“Dunant was a Swiss traveler in Italy when in 1859, the French, Austrians, and Sardinians met in the terrible battle of Solferino. He came upon the field where 50,000 dead and wounded soldiers lay uncared for, and the scenes he beheld there led him to dedicate his life to the work of bringing about an international agreement whereby the horrors of war might be somehow lessened. He began his work upon that field. He organized the women of the neighborhood for service. “A wounded enemy is an enemy no longer,” he told them.
“After the war, Dunant began a systematic campaign among the governments of Europe to win them over to his idea of an international compact whereby the hospital and ambulance services on the battlefields should be neutralized. The Geneva treaty was the result and from that seed sprang the worldwide organization now known as the Red Cross.”

High School Sports of Renville County Upcoming Exhibit!

1956 Fairfax Eagles Football from the 1957 yearbook.

The Renville County Historical Society & Museum (RCHS) is in the process of putting together a special exhibit for this fall & winter on the High School Sports of Renville County. RCHS is seeking the donation or loan or High School sports items & photographs for this exhibit. Please contact Nicole at the Museum 507-697-6147 or via email director@renvillecountyhistory.com if you have items to donate or loan!
Mascots are an important part of high school sports. Did you Renville County school have a mascot costume? Who wore the costume over the years? What are some of your homecoming memories?

Contract for Hemp Mill to be Let Soon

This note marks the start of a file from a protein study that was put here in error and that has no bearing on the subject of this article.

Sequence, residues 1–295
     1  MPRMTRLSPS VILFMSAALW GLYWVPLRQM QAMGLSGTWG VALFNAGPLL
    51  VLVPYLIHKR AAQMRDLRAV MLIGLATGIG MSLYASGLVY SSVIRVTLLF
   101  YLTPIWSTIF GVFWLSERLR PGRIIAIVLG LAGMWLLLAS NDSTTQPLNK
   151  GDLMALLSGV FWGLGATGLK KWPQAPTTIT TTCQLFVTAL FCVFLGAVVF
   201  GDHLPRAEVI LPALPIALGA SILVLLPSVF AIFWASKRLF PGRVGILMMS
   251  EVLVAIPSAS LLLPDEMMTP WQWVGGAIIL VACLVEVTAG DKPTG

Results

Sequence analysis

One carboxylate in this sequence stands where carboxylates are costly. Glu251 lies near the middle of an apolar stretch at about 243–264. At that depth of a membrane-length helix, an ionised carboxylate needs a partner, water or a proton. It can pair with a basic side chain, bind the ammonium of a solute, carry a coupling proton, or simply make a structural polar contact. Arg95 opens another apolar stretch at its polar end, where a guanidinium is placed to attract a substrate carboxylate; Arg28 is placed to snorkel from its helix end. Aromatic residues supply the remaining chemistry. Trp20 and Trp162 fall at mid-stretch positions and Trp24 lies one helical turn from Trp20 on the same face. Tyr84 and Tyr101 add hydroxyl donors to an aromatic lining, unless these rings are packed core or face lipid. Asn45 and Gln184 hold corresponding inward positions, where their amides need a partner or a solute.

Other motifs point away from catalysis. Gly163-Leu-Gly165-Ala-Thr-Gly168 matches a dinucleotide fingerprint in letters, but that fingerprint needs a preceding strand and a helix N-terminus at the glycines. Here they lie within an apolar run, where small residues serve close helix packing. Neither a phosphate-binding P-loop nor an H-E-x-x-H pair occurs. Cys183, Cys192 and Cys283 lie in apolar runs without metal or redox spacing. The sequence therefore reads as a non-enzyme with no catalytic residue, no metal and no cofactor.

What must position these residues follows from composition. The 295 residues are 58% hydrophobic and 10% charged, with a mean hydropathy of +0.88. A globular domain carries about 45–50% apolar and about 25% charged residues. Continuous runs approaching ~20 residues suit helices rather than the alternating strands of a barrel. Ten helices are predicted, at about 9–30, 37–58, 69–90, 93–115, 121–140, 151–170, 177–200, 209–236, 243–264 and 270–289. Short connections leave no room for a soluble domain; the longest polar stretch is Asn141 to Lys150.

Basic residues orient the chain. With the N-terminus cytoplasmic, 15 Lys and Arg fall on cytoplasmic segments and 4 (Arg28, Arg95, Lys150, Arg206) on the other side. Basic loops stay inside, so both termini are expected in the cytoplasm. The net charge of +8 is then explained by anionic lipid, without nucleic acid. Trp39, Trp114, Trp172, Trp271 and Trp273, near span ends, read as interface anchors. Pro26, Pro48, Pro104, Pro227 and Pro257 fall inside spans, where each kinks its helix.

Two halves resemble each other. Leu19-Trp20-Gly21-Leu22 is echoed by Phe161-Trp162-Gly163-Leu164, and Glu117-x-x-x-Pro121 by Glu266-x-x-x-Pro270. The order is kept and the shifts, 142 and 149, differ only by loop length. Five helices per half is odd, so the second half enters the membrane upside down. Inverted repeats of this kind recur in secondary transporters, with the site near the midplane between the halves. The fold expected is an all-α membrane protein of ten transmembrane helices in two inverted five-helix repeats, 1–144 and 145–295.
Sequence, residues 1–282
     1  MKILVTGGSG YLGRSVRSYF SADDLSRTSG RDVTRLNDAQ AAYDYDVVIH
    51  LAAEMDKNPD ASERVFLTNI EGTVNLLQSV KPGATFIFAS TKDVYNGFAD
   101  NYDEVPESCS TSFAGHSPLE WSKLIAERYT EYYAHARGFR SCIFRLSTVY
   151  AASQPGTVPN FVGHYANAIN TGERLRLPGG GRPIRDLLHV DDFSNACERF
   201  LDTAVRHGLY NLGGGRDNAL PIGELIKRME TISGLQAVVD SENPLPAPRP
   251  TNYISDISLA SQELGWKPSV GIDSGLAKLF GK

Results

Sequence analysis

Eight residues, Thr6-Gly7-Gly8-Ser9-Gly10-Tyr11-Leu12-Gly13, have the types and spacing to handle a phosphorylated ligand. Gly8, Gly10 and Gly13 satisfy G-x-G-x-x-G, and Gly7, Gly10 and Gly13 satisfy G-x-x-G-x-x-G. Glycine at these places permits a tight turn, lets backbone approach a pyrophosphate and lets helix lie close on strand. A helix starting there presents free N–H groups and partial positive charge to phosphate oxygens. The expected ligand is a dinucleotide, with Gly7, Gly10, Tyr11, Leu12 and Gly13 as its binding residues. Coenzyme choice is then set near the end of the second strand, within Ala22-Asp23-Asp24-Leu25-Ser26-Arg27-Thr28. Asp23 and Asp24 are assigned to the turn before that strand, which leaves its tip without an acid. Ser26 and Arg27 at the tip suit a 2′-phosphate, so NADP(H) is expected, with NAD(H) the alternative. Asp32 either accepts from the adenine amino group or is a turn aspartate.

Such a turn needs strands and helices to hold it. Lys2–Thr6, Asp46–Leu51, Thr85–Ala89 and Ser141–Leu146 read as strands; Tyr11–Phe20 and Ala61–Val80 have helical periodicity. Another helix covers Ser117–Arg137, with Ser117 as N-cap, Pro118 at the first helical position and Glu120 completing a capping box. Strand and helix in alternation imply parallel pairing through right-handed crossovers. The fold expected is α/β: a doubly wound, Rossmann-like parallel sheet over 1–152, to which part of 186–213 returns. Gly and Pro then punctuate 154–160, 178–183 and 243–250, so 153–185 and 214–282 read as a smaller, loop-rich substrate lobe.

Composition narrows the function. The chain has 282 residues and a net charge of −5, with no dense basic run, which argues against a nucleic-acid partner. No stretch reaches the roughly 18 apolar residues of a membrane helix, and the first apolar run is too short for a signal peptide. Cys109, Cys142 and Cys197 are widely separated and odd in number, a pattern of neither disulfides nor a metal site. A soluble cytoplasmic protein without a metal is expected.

Mills at Bird Island, Hutchinson, Lake Lillian and Grove City are Already Assured

In a communication dated at Washington, March 30, Secretary of Commerce, Jesse Jones, announced the defense plant corporation has authorized execution of eight contracts for $350,000.00 each with the Commodity Credit Corporation for plant facilities, four hemp plants to be located in Illinois and the other four in the state of Minnesota.
The four mills of which already have been authorized and the contracts for erection asked for, will be in Bird Island, Hutchinson, Lake Lillian, and Grove City. All four of these mills are centrally located in this section, and we understand that several other plants are under consideration, while a few have been eliminated, mostly because of the shortage of good seed.
The land owned by Chas. Dahlgren, just south of Bird Island fair grounds, has been chosen as the site for the mill and undoubtedly work on the structure will begin in a short time.

Published in the Bird Island Union, April 1, 1943

Soldiers, Sailors, Marines published in the Sacred Heart Journal Sept 12, 1919

Will hold a meeting in the Village hall Monday, Sept. 22 at 8 o’clock for the purpose of organizing a post of the American Legion.

Editor’s Note: The Sacred Heart Post # 229 is named for Joseph Viken who gave his life for his country on December 2, 1918, during World War I. Joseph is buried at St. Mihiel American Cemetery in France. He served in the U.S. Army in the 309th Infantry Regiment, 78th Infantry Division. He entered service on June 23, 1918, and was sent to Camp Grant, IL.

Joseph Viken
October 15, 1894 – December 2, 1918